Cloning of PCR products is useful to assess levels of both contamination and molecular damage in ancient DNA. Also, in our experience, it is not easy to sequence accurately short DNA fragments (<80 bp) by Sanger sequencing, therefore in these cases it is useful to clone the fragments and use vector’s primer-binding sites for sequencing. For these reasons, the AMELX-allele and AMELY-allele amplicons generated from positive controls and from sex-unknown samples were cloned using a TOPO TA Cloning kit (with pCR 2.1-TOPO vector) and TOP10 chemical Competent cells (Invitrogen) following manufacturer’s instructions. A minimum of 30 colonies were selected from each cloned sample and underwent colony PCR using the M13 primers. Then we sequenced 5 clones per sample that contained the transformed vector with the fragment of interest. DNA sequencing was performed in both directions by dideoxy method using the 3730 xl DNA Analyzer (Applied Biosystems) at the Genomic Services Unit in Langebio, Cinvestav, Mexico.

5.- Cross-verification of the High Resolution Melting Analysis by Agilent 2100 Bioanalyzer Expert High Sensitivity DNA Assay.

A 2 µl aliquot of AMELX-allele and AMELY-allele amplicons generated from positive controls and sex-unknown samples were analyzed by Agilent 2100 Bioanalyzer Expert High Sensitivity DNA Assay (the Bioanalyzer assay) with the High Sensitivity DNA Marker 35/10380 bp, using the Agilent 2100 Bioanalyzer (Agilent Technologies Inc.) at the Genomic Services Unit in Langebio, Cinvestav, Mexico.

6.- Cross-verification of the High Resolution Melting Analysis by anthropological data.

Human remain samples of 4 adult individuals from Teopancazco (burials 2, 78, 102 and 105) were analyzed by conventional osteological measurements for sex determination at the Institute of Anthropological Research, UNAM, Mexico, under the direction of Linda R. Manzanilla. These samples were used as ancient controls.


DNA preservation

Several attempts to determine the sex of these samples with two previously published methods were unsuccessful. These methods targeted amelogenin gene fragments of 106–112 bp [51] and 70–73 bp [83]. This was a first indication of DNA degradation. Consistent with this, the Bioanalyzer assay showed a high DNA fragmentation pattern, with a main distribution of DNA fragments in the range of 40–100 bp, in all ancient samples analyzed (Figure S1). We therefore considered these samples to be heavily degraded and that represented ideal cases to test our HRM method, which targets smaller amelogenine gene fragments.

Sex determination by High Resolution Melting Analysis

This analysis is based on the melting temperature (Tm) difference of the amplified AMELX-allele and AMELY-allele fragments (61 bp for the AMELX-allele and 64 bp for the AMELY-allele) produced by a 3-bp deletion on the AMELX-allele. After software processing, the curves obtained from male and female individuals showed a clear difference in shape (Figure 1), allowing thus sex identification.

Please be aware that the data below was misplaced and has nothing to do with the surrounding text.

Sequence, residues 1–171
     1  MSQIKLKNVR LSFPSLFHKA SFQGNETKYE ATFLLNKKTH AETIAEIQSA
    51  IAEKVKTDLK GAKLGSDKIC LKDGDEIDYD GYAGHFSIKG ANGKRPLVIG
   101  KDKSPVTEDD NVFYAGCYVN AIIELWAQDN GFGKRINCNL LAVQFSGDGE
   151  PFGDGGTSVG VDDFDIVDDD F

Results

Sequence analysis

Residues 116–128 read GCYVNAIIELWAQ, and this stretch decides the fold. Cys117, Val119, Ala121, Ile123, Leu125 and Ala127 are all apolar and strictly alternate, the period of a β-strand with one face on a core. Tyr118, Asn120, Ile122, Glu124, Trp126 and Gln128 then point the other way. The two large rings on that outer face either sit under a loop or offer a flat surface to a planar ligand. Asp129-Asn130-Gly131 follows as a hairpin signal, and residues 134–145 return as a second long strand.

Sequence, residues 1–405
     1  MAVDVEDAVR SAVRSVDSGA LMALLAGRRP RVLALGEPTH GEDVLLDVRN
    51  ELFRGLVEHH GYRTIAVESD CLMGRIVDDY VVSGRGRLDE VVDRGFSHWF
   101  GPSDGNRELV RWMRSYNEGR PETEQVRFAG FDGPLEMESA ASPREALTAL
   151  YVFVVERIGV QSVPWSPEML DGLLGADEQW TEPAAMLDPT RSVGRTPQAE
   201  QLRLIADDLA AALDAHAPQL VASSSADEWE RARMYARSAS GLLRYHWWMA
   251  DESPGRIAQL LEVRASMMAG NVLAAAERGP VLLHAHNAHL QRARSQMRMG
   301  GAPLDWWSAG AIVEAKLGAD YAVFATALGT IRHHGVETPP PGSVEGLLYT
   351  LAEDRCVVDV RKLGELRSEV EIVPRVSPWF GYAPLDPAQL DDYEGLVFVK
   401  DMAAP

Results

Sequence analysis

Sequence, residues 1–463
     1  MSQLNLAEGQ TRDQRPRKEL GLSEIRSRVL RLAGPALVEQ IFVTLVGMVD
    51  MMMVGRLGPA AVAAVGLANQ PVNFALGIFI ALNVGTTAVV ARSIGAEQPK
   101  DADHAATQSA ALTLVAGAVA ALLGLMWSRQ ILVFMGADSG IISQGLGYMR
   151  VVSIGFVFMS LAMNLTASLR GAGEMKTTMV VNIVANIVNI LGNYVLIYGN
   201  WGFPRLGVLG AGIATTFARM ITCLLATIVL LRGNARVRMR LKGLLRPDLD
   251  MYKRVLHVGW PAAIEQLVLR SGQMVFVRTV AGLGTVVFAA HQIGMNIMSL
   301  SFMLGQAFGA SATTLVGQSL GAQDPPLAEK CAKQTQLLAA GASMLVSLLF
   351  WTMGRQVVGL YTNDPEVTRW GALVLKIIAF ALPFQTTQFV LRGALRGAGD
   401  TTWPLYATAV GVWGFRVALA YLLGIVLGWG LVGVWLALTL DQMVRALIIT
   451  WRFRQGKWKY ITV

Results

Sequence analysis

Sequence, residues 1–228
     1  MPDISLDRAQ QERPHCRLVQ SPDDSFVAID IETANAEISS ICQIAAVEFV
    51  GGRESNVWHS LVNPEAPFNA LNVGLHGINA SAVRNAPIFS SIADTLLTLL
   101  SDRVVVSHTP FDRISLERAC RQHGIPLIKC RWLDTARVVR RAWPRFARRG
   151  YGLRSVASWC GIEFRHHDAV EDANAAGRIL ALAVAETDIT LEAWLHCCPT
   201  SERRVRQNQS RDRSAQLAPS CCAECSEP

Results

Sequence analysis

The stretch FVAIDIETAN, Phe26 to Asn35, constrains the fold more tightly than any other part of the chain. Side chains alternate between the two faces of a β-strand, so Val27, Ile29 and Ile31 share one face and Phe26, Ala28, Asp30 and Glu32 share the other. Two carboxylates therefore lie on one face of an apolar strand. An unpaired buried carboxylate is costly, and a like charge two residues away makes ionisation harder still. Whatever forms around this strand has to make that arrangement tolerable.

Figure 1. Melting temperature curve profiles produced by male and female samples in a HRM analysis.

HRM analysis starts with a PCR amplification of the amelogenin gen. The amplification is in the presence of EvaGreen a saturating dye which presents high fluorescence when bound to dsDNA. Amplification is followed by a High Resolution Melting analysis (HRM) in the LightCycler 480 Real-Time PCR Instrument (Roche Applied Science). A dissociation curve analysis displays the different melting temperature of products from the X and Y chromosome.

The accuracy of the assay was examined by using a set of 6 control samples of known sex. To assess reproducibility, three replicates of each sample were analyzed. No discrepancy was observed between sex determinations by HRM and the previously known sex status in all control samples and their replicas. Regarding sex-unknown archaeological samples, this method was efficient in all the individuals examined in spite of the observed pattern of DNA degradation. However, for one of the individuals only two replicates were done, because the DNA extract was not enough for the three replicates due to its use in previous experiments.

Cross-verification of the High Resolution Melting Analysis

The accuracy of sex determination by HRM analysis was verified by contrasting results with those obtained with other three methods. The first one was the sequencing of 5 positive clones harboring fragments from the AMELX-allele and AMELY-allele amplified from samples of known sex. The sequences obtained demonstrated the 3-bp insertion on the AMELY-allele in the male samples (Figure 2).

Figure 2. Confirmation of the HRM analysis by Sanger Sequencing.

AMELX-allele and AMELY-allele fragment (61 and 64 bp, respectively) of positive controls were amplified by real-time PCR, cloned, and sequenced. The sequences obtained demonstrate the 3-bp deletion on the AMELX-allele.